There’s no shortage of highlights to pluck across the 199 games he’s played so far, nor is there an empty silverware cabinet following the historic Premiership three-peat at Hawthorn (2013-2015) and Best & Fairest campaign from his first season out west in 2017.

Hill’s talent and aptitude for the game were obviously apparent early, but for many who were beside him day after day, as was his natural inclination to be a loving parent.

The 28-year-old became a first-time father in late 2021 after he and fiancé Sammy welcomed baby Harriet to the world after two challenging years impacted heavily by COVID-19.

“He was always going to be a good dad, just the way he connects with children. You see that now the way he is with Harriet,” Ryder said.

“He’s always been such a caring bloke. Everyone that knows him knows he’d do anything for anyone that he loves.

He looks after his family, looks after his friends and you always want to be around him because he’s like that all the time.

- Paddy Ryder

Harriet is grandchild number eight for the Hill family. Stephen Hill and wife Chantala made it nine with baby Darcy in April, with another three grandchildren on the way by the end of the year.

Hill’s mum has only met the Victorian-born bub once after Western Australian border restrictions were lifted in March, but makes sure to pencil in regular FaceTime calls with Bradley and Sammy so she can see her niece.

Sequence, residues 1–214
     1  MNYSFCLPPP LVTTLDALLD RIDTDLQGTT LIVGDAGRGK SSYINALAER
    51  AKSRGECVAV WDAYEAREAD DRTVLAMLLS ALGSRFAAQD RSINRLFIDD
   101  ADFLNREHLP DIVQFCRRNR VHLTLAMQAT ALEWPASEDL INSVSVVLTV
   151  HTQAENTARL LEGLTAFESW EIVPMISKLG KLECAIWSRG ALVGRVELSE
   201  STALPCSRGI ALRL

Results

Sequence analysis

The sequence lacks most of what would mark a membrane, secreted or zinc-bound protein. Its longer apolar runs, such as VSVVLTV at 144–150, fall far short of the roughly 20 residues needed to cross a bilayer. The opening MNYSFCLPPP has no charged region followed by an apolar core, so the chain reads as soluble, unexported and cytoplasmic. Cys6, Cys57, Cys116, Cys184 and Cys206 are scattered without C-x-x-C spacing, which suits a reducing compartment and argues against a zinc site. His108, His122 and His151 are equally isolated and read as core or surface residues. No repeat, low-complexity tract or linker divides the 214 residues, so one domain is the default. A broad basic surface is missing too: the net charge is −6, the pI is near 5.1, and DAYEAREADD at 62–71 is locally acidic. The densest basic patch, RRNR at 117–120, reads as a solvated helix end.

“He’s just so natural as a dad, he just takes it on as if he were the mother, sometimes” she said with a little chuckle.

“He’s so good with Harriet and he’s a very good man. I’ve always thought that.”

A fitting occasion

Game 200 is always a momentous occasion, but it’s even more significant for Hill with his milestone match coinciding with this year’s Sir Doug Nicholls Round.

Hill has achieved what thousands can only dream of. He’s tasted the ultimate glory three times as part of Hawthorn’s legendary Premiership three-peat, has played in his home state alongside his brother, Stephen, with a Best & Fairest season to boot, and has eyes on carving out new successes while at St Kilda.